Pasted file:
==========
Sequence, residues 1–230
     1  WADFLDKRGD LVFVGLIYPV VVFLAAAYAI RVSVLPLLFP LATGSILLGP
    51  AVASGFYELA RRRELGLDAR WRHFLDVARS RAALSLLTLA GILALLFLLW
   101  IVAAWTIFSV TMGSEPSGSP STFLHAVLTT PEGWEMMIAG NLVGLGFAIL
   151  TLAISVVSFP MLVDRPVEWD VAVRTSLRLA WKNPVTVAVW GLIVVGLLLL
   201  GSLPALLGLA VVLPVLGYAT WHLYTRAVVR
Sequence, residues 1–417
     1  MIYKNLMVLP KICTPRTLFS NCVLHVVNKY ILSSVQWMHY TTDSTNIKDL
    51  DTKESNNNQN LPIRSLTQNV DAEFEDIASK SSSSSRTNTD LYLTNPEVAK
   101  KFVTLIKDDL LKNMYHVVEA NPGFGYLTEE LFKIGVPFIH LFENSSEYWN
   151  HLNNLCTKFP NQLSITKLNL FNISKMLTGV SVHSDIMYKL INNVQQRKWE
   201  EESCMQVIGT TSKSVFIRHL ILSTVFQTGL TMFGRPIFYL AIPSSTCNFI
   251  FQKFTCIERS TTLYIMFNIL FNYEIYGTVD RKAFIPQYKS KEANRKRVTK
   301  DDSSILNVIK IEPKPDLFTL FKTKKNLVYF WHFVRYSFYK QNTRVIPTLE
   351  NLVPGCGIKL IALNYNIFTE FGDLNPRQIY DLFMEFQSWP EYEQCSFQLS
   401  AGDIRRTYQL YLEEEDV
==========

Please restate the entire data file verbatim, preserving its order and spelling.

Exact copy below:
Sequence, residues 1–230
     1  WADFLDKRGD LVFVGLIYPV VVFLAAAYAI RVSVLPLLFP LATGSILLGP
    51  AVASGFYELA RRRELGLDAR WRHFLDVARS RAALSLLTLA GILALLFLLW
   101  IVAAWTIFSV TMGSEPSGSP STFLHAVLTT PEGWEMMIAG NLVGLGFAIL
   151  TLAISVVSFP MLVDRPVEWD VAVRTSLRLA WKNPVTVAVW GLIVVGLLLL
   201  GSLPALLGLA VVLPVLGYAT WHLYTRAVVR
Sequence, residues 1–417
     1  MIYKNLMVLP KICTPRTLFS NCVLHVVNKY ILSSVQWMHY TTDSTNIKDL
    51  DTKESNNNQN LPIRSLTQNV DAEFEDIASK SSSSSRTNTD LYLTNPEVAK
   101  KFVTLIKDDL LKNMYHVVEA NPGFGYLTEE LFKIGVPFIH LFENSSEYWN
   151  HLNNLCTKFP NQLSITKLNL FNISKMLTGV SVHSDIMYKL INNVQQRKWE
   201  EESCMQVIGT TSKSVFIRHL ILSTVFQTGL TMFGRPIFYL AIPSSTCNFI
   251  FQKFTCIERS TTLYIMFNIL FNYEIYGTVD RKAFIPQYKS KEANRKRVTK
   301  DDSSILNVIK IEPKPDLFTL FKTKKNLVYF WHFVRYSFYK QNTRVIPTLE
   351  NLVPGCGIKL IALNYNIFTE FGDLNPRQIY DLFMEFQSWP EYEQCSFQLS
   401  AGDIRRTYQL YLEEEDV